The year 2020 proved a capable foe for the best-laid plans, with all sorts of promises, consultations, and legislation falling by the wayside amidst a global pandemic. Now, with a mass vaccination campaign underway, those plans have returned with a new urgency.
The Trudeau government's justice files, already pruned of broken and forgotten promises of their first mandate, seem particularly ripe for action.
With a possible election looming on the horizon, Ottawa is laying the groundwork to fulfill some of its commitments. Other files, however, appear stalled if not altogether abandoned.
Prosecutions and sentencing
Since they first took over government five years ago, the Trudeau Liberals have faced high expectations around criminal justice reform. As CBA National has reported, criminal lawyers hoping for change have been left wanting.
Asked whether she has any optimism that significant criminal justice reform would be coming in 2021, criminal defence lawyer Allison Craig didn't mince words. "No," she told CBA National.
"I have lost all faith in any government, frankly, doing any criminal justice reform anytime soon," says the partner at Lockyer Campbell Posner. "It's an unpopular topic."
In his mandate letter, issued after the 2019 election, Justice Minister David Lametti has no shortage of big files: Establishing a new review mechanism to handle wrongful conviction applications; providing competency training for judges around sexual assault and trauma; reducing the over-representation of Indigenous and Black people in the justice and carceral systems; reducing the nagging issue of trial delays; and expanding the use of drug treatment courts as an alternative to prosecution.
To date, many of those initiatives have been piecemeal, if they've begun at all.
Lametti's mandate letter commits the government to "make drug treatment courts the default option for first-time non-violent offenders charged exclusively with simple possession to help drug users get quick access to treatment and to prevent more serious crimes."
As CBA National reported in September, efforts to decrease prosecutions for simple drug possession have been largely unsuccessful. As Neha Chugh, who practises in Cornwall, pointed out, drug treatment courts aren't even an option in her city: "We don't even have a rehab."
There are only about two dozen drug treatment courts across the country, mostly in major cities, and operate with limited capacity. Ottawa funds those courts to the tune of about $3.6 million per year — new investment may finally bring some of those courts to smaller cities and rural regions.
In 2020, the Public Prosecution Service of Canada released new prosecutorial guidelines, discouraging Crown attorneys from pursuing simple drug possession cases. While there is ample skepticism over whether those guidelines will make a significant dent in the number of drug cases winding their way through the courts, Craig says she's seen a real difference in recent months. "I have had cases with simple possession being withdrawn," she says.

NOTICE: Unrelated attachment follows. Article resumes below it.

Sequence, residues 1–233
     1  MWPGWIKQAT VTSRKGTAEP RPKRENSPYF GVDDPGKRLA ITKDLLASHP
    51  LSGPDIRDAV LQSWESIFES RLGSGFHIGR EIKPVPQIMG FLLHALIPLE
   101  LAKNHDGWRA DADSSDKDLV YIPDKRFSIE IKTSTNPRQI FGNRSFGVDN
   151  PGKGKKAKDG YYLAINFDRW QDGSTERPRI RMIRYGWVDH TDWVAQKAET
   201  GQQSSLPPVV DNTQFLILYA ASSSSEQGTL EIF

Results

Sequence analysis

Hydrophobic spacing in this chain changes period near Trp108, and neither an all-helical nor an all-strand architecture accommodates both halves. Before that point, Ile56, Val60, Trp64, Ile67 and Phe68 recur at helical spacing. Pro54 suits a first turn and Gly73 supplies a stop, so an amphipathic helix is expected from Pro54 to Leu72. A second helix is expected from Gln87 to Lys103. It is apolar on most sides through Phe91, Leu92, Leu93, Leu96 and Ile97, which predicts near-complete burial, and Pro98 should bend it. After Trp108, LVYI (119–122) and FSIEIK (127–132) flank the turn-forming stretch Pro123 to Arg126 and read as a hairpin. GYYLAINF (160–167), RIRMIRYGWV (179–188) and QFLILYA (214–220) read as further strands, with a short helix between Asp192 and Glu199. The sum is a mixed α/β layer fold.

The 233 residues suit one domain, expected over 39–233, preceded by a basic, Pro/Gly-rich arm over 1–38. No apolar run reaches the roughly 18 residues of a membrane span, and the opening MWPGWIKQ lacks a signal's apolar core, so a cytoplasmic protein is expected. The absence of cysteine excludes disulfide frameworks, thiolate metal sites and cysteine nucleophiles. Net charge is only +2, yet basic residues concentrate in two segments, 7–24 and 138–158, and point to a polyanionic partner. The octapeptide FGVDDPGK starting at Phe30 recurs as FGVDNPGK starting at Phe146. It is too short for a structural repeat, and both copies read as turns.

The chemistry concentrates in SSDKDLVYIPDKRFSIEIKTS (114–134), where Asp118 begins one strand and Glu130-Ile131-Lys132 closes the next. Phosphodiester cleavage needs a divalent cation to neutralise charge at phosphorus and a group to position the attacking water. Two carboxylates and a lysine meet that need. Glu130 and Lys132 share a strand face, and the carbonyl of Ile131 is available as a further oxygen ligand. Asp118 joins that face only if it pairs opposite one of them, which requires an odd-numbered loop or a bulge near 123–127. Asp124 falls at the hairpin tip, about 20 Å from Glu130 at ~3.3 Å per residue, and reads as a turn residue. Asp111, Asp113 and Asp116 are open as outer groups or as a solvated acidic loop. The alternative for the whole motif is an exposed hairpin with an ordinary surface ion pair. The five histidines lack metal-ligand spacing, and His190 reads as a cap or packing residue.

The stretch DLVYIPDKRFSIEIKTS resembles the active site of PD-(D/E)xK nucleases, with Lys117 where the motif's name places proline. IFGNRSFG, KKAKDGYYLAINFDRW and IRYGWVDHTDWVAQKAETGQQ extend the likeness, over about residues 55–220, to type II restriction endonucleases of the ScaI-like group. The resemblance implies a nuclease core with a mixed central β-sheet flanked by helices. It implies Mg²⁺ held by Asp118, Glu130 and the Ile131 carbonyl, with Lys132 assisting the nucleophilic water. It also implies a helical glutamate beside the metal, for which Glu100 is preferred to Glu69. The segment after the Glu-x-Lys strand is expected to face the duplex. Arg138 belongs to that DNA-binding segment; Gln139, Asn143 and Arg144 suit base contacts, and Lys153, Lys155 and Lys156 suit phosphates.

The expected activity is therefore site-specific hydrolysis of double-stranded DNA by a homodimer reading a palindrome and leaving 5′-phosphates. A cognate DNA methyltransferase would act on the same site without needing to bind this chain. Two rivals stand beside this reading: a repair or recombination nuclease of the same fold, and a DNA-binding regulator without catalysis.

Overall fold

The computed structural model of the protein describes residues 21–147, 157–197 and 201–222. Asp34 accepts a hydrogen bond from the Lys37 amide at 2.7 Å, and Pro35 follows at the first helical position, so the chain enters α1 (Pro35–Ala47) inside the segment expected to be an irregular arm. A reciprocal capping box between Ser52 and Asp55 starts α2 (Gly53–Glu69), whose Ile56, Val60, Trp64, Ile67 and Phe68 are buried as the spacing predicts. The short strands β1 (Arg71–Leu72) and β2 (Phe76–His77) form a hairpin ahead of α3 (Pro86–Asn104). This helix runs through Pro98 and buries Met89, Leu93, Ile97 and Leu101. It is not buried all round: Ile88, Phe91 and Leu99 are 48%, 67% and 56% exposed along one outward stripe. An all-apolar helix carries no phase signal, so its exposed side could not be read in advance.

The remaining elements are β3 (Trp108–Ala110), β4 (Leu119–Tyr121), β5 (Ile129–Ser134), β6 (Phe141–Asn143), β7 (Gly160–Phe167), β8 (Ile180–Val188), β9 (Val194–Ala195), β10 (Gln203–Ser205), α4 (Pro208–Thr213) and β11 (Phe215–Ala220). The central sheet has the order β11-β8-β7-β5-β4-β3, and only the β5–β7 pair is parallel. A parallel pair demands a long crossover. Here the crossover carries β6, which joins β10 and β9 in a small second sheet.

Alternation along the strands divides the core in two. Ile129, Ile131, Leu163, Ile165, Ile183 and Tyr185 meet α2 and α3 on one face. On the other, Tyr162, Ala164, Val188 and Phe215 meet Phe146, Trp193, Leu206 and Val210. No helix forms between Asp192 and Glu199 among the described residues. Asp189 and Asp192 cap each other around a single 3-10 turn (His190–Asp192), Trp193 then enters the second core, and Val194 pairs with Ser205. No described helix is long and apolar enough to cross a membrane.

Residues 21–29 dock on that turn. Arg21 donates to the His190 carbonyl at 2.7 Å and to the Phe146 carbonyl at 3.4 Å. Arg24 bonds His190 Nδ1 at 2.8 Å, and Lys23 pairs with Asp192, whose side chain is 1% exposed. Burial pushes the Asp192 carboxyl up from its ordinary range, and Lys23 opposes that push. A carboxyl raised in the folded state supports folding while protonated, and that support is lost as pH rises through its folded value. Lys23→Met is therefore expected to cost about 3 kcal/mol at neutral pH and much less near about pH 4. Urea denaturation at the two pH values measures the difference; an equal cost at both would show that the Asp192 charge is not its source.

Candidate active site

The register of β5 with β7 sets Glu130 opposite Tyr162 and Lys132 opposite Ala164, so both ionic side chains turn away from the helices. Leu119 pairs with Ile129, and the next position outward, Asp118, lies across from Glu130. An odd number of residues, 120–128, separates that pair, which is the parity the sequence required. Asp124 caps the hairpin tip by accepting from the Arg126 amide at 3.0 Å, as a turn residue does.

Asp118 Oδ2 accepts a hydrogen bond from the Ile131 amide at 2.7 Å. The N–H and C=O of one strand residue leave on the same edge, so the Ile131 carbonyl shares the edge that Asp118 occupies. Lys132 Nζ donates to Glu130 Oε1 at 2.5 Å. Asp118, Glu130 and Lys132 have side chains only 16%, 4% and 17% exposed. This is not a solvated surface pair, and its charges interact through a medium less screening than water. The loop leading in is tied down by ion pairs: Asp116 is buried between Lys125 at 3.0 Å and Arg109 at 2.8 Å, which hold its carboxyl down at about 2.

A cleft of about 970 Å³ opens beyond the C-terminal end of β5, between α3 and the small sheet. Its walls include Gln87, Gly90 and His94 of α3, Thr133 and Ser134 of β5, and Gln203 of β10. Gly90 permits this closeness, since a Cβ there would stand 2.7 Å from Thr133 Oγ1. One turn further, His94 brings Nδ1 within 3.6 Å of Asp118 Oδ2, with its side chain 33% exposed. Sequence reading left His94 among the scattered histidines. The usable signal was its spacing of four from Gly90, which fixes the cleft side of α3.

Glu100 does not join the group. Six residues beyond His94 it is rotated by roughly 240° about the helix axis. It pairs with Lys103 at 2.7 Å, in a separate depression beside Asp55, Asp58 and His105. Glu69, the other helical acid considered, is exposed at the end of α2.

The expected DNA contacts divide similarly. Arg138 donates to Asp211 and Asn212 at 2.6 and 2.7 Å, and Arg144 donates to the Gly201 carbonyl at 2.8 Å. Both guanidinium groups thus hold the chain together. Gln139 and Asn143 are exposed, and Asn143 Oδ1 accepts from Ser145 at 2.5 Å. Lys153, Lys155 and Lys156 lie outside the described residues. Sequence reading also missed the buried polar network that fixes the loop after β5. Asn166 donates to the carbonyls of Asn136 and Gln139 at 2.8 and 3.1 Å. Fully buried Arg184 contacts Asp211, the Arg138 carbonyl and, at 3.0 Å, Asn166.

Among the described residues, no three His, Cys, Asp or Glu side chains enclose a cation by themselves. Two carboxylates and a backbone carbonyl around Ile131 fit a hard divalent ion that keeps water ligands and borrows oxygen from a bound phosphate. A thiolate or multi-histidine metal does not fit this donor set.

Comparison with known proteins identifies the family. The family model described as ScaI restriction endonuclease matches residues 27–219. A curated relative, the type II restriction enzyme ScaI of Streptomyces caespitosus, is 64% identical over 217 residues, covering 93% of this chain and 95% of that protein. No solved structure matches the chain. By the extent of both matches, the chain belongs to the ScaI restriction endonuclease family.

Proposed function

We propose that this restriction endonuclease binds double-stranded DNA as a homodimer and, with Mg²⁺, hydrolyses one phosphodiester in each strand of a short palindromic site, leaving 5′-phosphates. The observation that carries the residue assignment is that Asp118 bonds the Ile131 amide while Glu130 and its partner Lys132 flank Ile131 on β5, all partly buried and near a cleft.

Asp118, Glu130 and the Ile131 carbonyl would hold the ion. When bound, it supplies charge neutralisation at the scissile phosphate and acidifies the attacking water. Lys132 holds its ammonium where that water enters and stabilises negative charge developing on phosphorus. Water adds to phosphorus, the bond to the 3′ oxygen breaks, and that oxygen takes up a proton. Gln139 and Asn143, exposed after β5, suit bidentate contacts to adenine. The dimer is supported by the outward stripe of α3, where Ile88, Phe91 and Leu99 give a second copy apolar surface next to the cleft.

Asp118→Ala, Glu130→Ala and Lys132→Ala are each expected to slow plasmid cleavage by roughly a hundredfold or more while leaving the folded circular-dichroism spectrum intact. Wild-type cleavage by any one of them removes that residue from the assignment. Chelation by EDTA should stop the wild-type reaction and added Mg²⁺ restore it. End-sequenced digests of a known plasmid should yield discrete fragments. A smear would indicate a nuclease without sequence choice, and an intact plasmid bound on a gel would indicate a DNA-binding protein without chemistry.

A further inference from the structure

Hanging over this government — but not explicitly mentioned in Lametti's mandate letter — is its stated commitment to end the over-representation of Black and Indigenous people in Canada's prisons and jails.
For the past two years, Ottawa has touted a pan-Canadian strategy to tackle the disproportionate numbers in the justice system, and is consulting with stakeholder groups on that front. What will come of it all is unclear. The government has had the opportunity to peel away mandatory minimums, supported by academic studies and consultations that have repeatedly shown them to be ineffective. But has not done so, nor has it signalled any intention to revisit them. A long-awaited report on the state of Canada's criminal justice system, released in October 2019, doesn't commit Ottawa to any particular plan of action.
As CBA National reported in July, a lack of action in Parliament may push the courts to step in. "Parliament could actually do what it committed to years ago and lift the restrictions on conditional sentences and remove mandatory minimums," says Promise Holmes Skinner, who practises criminal defence in Toronto and North Bay. "But we won't hold our breath."
Tony Paisana, a partner at Peck and Company, says this pan-Canadian strategy appears to be an attempt to tackle many social and societal factors that lead Indigenous and Black people to get ensnared in the justice system. He says he "completely encourages and supports" that approach. "There's no simple solution in criminal law," he adds.
"But here's the issue I take with it: When it comes to criminal law reform of other issues, seemingly the government takes the position, in many cases, that the criminal law power is the only power that can address the issue," Paisana says, noting the government's recent effort to criminalize conversion therapy.
When it comes to the over-representation of Black and Indigenous peoples in prison, "suddenly that criminal power is forgotten and we now need some broad-based thing that does not include it."
Paisana says it's no secret what needs to be done. A litany of studies, court decisions, and the Truth and Reconciliation Commission report all point to abolishing mandatory minimums and reforming conditional sentences as a clear-cut way to make the justice system fairer, and reduce the over-representation of Indigenous and Black people.